Quebec provincial police defended their new social media policy Monday after they raised eyebrows with sarcastic responses to comments on the squad's Facebook page, including one in which a police staffer described a commenter as a "moron."

The response from the police appeared to mock a citizen who criticized the force's summer road safety campaign.

"Check out the moron who takes himself for Gilles Villeneuve!" wrote the person manning the force's Facebook page, in a reference to the late Grand Prix racer.

In a response to another comment, the police account suggested those who don't respect the highway code should calculate the price of a ticket in their vacation budgets.

Chief Insp. Guy Lapointe, head of communications, said the force recently changed its social media policy by using humour and sarcasm in order to draw greater attention to its safety campaigns. Police want to engage with a younger audience that doesn't interact with traditional media, he said.

For years, Lapointe explained, the force had posted generic public service messages on its page, about things such as winter road conditions, moving day safety or the summer vacation ticket blitz.

Citizens felt the warnings were patronizing and that the police were "talking down to them," Lapointe said in an interview.

In response, the force decided to changes things up. For this year's moving day, July 1 — an annual tradition in Quebec — the police posted "cartoonish" pictures of grossly overloaded vehicles along with a reminder to properly secure belongings. The post was widely shared, he said.

Lapointe acknowledged, however, that some of the recent police responses went too far. Staffers shouldn't use derogatory terms such as "moron" when interacting with the public, Lapointe said.

"The challenge now is to find the right way to go about this — obviously it's such a major change," he said. "There's bound to be adjustments along the way."

But, Lapointe said, while the force is open to criticism, it would continue to push back with sarcastic and even abrasive language towards internet trolls engaging in what he called "delinquent behaviour."

"Any idiot who comes along and wants to start saying, 'People should drive at the speed they want, and all you're doing is trying to raise money for the state' — I think we need to tell them, 'No, buddy, that's not what it's about. It's about safety.'"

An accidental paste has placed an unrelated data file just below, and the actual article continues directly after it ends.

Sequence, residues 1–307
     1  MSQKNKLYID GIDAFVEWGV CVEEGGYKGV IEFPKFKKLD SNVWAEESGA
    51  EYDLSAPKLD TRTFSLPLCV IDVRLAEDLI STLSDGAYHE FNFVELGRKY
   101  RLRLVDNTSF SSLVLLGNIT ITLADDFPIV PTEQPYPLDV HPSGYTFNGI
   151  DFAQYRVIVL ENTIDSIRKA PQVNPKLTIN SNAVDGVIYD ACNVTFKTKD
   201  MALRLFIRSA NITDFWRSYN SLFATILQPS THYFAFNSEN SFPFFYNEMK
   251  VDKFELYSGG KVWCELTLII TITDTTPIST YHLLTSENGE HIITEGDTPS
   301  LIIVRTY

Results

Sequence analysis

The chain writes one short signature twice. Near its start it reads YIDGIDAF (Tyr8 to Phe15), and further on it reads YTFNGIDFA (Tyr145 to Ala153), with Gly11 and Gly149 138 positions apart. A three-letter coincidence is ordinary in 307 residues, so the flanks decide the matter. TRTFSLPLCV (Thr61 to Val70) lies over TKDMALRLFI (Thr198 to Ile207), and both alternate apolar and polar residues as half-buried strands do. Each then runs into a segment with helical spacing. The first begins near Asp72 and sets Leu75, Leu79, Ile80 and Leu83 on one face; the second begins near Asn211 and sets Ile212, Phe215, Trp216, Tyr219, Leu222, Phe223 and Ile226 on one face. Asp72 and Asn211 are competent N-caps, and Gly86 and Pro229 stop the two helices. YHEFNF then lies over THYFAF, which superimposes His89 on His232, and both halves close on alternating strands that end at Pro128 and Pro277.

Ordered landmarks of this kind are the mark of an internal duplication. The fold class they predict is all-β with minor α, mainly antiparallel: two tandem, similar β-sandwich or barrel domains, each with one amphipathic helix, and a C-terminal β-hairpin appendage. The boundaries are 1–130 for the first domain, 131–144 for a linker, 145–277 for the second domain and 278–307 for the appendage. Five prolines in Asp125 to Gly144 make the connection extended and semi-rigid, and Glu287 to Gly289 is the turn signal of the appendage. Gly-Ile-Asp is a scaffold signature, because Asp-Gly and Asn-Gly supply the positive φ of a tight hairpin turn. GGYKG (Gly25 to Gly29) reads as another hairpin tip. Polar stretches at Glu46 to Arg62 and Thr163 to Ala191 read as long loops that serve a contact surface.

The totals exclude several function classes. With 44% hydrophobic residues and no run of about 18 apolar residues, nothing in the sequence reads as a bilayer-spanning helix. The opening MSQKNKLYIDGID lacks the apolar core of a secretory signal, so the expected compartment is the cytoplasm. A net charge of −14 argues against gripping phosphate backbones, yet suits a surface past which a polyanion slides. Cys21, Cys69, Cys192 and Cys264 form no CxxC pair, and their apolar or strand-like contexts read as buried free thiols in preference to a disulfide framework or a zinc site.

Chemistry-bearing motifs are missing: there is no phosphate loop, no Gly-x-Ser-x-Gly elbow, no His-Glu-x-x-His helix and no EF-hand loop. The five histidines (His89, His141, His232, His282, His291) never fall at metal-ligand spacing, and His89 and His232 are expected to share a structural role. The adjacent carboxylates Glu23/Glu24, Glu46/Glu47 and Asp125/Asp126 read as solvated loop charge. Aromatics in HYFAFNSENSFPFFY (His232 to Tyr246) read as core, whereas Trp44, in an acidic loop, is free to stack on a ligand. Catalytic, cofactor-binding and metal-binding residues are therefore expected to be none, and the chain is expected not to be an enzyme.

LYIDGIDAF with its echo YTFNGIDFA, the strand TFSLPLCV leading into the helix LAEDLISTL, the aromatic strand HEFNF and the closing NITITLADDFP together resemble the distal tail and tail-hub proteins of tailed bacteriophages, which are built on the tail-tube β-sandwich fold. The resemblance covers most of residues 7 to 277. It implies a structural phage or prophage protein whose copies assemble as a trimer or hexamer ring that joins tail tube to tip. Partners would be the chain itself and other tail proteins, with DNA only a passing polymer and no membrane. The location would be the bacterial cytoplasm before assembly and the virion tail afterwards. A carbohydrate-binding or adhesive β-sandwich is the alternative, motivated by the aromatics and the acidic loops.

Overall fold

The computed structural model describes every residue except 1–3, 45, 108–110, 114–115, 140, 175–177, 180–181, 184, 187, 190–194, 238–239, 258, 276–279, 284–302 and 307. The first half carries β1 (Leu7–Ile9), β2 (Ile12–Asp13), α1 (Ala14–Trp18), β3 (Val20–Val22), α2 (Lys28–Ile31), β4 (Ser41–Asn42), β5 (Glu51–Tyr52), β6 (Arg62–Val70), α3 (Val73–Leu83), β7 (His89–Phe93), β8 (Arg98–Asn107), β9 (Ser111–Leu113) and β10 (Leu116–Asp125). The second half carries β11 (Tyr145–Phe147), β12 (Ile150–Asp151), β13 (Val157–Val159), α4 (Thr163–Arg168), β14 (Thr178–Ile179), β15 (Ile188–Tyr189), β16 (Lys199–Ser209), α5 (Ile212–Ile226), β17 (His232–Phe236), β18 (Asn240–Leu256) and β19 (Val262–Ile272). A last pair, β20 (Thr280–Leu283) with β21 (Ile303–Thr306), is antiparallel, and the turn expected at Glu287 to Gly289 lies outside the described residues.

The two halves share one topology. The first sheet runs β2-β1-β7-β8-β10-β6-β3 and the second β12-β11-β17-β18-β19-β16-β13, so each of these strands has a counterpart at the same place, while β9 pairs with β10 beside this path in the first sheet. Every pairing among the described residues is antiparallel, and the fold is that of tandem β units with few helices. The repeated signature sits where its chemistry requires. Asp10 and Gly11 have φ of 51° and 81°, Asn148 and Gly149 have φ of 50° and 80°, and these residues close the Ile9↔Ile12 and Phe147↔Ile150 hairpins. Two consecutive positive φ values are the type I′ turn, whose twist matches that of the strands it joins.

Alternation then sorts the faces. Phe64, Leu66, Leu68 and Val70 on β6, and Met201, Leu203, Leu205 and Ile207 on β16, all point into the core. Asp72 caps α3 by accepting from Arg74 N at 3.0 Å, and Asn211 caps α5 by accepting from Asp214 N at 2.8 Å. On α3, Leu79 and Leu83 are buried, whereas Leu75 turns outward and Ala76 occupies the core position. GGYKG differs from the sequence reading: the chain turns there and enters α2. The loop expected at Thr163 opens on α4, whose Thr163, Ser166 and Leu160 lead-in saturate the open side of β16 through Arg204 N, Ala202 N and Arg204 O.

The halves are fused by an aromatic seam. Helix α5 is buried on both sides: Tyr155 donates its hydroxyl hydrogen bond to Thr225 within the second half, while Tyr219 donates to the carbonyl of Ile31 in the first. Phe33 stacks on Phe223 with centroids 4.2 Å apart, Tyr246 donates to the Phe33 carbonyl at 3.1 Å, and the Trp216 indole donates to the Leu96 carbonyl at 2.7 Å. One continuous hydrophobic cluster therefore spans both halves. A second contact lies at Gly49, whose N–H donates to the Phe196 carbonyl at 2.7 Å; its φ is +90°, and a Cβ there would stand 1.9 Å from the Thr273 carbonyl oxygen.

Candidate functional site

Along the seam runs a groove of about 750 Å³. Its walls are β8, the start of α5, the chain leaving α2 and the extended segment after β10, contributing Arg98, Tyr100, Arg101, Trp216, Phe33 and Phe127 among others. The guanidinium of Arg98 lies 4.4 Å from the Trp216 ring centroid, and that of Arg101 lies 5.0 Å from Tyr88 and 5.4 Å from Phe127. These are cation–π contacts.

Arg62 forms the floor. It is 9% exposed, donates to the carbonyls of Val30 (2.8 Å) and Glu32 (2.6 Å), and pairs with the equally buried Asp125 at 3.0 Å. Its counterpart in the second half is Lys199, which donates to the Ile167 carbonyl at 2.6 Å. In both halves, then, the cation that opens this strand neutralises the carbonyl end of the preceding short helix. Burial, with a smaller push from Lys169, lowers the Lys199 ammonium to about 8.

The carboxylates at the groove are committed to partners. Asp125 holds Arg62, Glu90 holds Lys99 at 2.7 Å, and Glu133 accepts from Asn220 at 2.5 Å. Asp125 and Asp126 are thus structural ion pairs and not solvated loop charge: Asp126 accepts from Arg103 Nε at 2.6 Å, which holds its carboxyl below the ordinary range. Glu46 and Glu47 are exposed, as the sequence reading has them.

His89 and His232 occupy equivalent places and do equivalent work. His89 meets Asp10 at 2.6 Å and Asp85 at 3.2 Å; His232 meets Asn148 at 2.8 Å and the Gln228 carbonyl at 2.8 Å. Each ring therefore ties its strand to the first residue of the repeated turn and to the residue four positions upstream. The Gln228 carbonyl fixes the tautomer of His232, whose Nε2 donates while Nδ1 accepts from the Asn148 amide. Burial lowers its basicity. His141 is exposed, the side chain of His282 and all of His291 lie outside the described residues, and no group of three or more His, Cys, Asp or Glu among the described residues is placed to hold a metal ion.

Lapointe said the public's response has been mostly positive, and the force's Facebook page has gained over 6,000 new followers since the new editorial line was adopted last month.

He said while it doesn't please everyone, the approach is achieving its main goal: to get people discussing road safety.

And while most of the commenters on the police's Facebook page appeared supportive of the police's approach, some suggested the comments were unprofessional and childish.

The critics included Jonathan Blais, who said authority figures should not disrespect the public.

"A government institution should not have the right, ethically, to be derogatory and sarcastic," he said in a Facebook message. "If we accept this, the next thing will be field agents who will give themselves the right to act that way and it will aggravate situations during interventions."

Other Canadian and American police forces have been experimenting with humour in their feeds in order to increase their social media traffic and draw attention to serious issues.

The Kensington Police Force in Prince Edward Island, for example, has drawn worldwide attention for its humorous posts.

It drew over 1,700 shares last year for a Facebook picture posted on April 20 — international cannabis day — that showed off the force's supposed enforcement strategy: a simple trap consisting of a cardboard box, propped-up by a stick, with snack foods and video games as bait.

Not all Kensington police posts have gone over so well, however.

The force had to apologize in 2016 after for a post that said drivers arrested for drinking and driving would be forced to listen to the Canadian band, Nickelback.

Since many of the criticisms cited in the article seem to involve the inflated egos of the "cowboy" drivers, I'm wondering if those who get tickets for excessive speed should not only have to pay the fine but should also be required to undergo one of those devilish virtual reality driving experiences in which their inability to handle excessive speed is graphically demonstrated. The morons and idiots most likely have absolutely no understanding of the limitations imposed on their control by those tiny patches of rubber holding their vehicle to the road. In fact, every male driver should, at regular intervals, be required to complete this test. Deflating the testosterone fueled delusions of skill is an essential corrective, especially since we cannot ethically reduce that testosterone surgically!